Objective | Learn the modern approach to the complex magnetic phases of matter and the transitions between them. A number of theoretical approaches that go beyond the linear spin wave theory will be discussed during the course, and an overview of the experimental status quo will be given. | |||||

Content | - Phase transitions in the magnetic matter. Classical and quantum criticality. Consequences of broken symmetries for the spectral properties. Absence of order in the low-dimensional systems. Berezinskii-Kosterlitz-Thouless transition and its relevance to “layered” magnets. - Failures of linear spin wave theory. Spin wave decays. Antiferromagnets as bosonic systems. Gapped “quantum paramagnets” and their phase diagrams. Extended spin wave theory. Magnetic “Bose-Einstein condensation”. - Spin systems in one dimension: XY, Ising and Heisenberg model. Lieb-Schultz-Mattis theorem. Tomonaga-Luttinger liquid description of the XXZ spin chains. Spin ladders and Haldane chains. Critical points in one dimension and generalized phase diagram. - Effects of disorder in magnets. Harris criterion. “Spin islands” in depleted gapped magnets. - Introduction into magnetic frustration. Order-from-disorder phenomena and triangular lattice in the magnetic field. Frustrated chain and frustrated square lattice models. Exotic magnetic states in two dimensions. | |||||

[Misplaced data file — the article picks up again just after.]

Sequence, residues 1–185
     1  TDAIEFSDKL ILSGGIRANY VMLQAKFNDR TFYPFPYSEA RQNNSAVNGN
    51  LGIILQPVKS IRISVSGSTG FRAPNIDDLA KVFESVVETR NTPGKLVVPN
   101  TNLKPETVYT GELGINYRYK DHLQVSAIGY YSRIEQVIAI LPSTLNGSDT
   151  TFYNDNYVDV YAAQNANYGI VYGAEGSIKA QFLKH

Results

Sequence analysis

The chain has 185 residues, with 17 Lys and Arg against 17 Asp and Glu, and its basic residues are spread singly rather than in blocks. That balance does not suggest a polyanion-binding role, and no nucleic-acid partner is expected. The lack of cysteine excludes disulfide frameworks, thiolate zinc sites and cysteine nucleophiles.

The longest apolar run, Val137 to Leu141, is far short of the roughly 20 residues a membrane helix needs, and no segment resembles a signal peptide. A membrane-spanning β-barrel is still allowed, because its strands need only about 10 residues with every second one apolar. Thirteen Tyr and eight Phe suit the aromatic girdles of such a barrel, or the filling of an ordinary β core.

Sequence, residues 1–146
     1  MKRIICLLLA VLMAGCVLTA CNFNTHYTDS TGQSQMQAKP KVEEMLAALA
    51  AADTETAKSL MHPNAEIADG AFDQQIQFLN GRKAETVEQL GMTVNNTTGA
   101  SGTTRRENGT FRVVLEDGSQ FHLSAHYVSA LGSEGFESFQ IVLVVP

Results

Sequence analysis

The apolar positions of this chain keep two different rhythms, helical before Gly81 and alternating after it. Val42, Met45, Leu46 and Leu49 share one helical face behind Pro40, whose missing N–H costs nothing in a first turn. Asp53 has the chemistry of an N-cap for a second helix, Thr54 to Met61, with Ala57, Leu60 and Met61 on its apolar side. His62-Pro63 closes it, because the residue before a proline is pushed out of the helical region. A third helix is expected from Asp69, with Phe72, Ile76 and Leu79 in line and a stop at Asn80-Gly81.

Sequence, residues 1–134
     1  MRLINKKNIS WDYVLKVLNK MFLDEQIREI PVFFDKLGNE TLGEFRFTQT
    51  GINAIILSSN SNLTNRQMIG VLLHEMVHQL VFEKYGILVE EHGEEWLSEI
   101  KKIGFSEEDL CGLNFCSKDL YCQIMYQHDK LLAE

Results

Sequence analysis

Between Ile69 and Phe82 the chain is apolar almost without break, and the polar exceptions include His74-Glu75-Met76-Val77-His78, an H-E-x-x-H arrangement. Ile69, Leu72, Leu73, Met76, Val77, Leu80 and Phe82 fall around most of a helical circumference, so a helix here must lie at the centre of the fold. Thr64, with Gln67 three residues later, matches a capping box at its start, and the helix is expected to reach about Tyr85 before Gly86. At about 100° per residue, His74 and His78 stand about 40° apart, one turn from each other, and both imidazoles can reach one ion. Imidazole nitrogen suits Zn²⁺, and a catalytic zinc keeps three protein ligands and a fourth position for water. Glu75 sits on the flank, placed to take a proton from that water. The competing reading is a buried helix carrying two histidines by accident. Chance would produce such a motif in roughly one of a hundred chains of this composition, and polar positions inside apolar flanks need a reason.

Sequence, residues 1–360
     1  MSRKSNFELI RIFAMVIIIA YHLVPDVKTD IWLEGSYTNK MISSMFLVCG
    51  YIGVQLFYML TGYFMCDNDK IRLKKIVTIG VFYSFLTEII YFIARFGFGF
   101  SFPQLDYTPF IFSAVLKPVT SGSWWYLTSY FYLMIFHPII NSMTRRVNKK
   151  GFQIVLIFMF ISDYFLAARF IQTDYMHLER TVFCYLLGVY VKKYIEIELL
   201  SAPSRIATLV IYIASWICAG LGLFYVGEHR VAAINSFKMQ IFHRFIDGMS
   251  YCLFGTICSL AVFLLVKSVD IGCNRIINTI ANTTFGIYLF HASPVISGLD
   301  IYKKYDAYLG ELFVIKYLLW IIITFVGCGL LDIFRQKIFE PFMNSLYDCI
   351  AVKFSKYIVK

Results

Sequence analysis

Lecture notes | A comprehensive textbook-like script is provided. | |||||

Literature | In principle, the script is sufficient as study material. Additional reading: -"Interacting Electrons and Quantum Magnetism" by A. Auerbach -"Basic Aspects of The Quantum Theory of Solids " by D. Khomskii -"Quantum Physics in One Dimension" by T. Giamarchi -"Quantum Theory of Magnetism: Magnetic properties of Materials" by R. M. White -"Frustrated Spin Systems" ed. H. T. Diep | |||||

Prerequisites / Notice | Prerequisite: 402-0861-00L Statistical Physics 402-0501-00L Solid State Physics Not prerequisite, but a good companion course: 402-0871-00L Solid State Theory 402-0257-00L Advanced Solid State Physics 402-0535-00L Introduction to Magnetism 402-0532-00L Quantum Solid State Magnetism I |